Hydro electricity is produced by using the potential energy of water falling from a certain height. The falling water spins the turbine blades and energy is produced. It is a clean eco friendly and renewable source of energy. It contributes nearly 7% of the world electricity production. China has the largest potential followed by Brazil, Indonesia, Canada and Zaire. China is the largest producer of Hydro electricity in the world, followed by Canada.
It is based on mechanical conversion of solar energy into electricity. It is available in abundance but only in the recent period it gets more importance due to technological development. Solar energy is used for various purposes.
Noor Complex is the world’s largest concentrated solar power (CSP) plant, located in the Sahara Desert.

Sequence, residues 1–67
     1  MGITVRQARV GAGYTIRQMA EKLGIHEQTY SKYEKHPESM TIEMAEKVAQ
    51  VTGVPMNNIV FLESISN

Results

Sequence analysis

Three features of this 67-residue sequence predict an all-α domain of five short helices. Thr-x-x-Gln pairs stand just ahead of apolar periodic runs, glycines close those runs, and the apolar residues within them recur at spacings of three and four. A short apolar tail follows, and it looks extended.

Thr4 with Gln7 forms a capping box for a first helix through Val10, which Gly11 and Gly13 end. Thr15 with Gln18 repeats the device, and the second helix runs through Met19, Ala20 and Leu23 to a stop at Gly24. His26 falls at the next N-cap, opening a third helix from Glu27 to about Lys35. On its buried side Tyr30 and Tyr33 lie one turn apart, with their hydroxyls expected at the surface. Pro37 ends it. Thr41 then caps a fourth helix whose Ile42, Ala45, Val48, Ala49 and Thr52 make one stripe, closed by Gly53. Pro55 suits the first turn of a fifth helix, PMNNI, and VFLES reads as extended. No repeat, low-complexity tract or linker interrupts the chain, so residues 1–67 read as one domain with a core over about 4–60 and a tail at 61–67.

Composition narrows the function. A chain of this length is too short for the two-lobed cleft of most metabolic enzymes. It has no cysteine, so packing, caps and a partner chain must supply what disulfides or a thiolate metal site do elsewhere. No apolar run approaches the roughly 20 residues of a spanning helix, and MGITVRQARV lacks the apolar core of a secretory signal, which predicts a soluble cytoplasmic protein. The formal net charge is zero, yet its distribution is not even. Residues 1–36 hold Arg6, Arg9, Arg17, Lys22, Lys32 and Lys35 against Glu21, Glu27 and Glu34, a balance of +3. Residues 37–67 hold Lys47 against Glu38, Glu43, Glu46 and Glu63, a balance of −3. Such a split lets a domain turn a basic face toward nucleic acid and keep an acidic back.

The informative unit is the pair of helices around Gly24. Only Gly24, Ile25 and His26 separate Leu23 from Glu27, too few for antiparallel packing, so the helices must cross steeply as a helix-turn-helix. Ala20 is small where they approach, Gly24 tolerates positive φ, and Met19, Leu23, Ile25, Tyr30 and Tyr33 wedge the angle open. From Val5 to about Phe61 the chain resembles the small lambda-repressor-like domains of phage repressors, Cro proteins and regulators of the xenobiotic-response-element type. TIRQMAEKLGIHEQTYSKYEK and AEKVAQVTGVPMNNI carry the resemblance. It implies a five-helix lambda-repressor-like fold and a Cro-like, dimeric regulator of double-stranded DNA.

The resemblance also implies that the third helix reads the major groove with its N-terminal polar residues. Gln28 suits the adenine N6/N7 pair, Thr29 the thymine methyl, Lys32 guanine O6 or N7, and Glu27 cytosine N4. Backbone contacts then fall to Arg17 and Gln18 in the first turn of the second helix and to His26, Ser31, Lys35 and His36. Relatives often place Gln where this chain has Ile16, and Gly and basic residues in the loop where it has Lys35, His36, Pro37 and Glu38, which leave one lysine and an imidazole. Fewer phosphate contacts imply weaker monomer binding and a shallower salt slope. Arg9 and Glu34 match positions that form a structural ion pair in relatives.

Kamuthi, the World’s largest single solar power plant!
Kamuthi Solar Power Project is a photovoltaic power station spread over an area of 2,500 acres (10 km2) in Kamuthi, Ramanathapuram district. The project was commissioned by Adani Power. With a generating capacity of 648 MW at a single location, The Kamuthi Solar Power Project was completed on 21 September 2016. Around 8,500 workers installed an average of 11 MW of capacity per day to complete the project within 8 months. The entire solar park is connected to a 400 kV substation of the Tamil Nadu Transmission Corp. The solar panels are cleaned daily by a self-charged robotic system.
USA is the major producer of solar cells at present. It is simply the energy provided by the sun, which makes production of solar electricity possible. Solar power in India is a fast developing industry. The country's solar installed capacity reached 26 GW as of 30 September 2018. India expanded its solar-generation capacity 8 times from 2,650 MW on 26 May 2014 to over 20 GW as on 31 January 2018. The country added 3 GW of solar capacity in 2015-2016, 5 GW in 2016-2017 and over 10 GW in 2017-2018, with the average current price of solar electricity dropping to 18% below the average price of its coal-fired counterpart.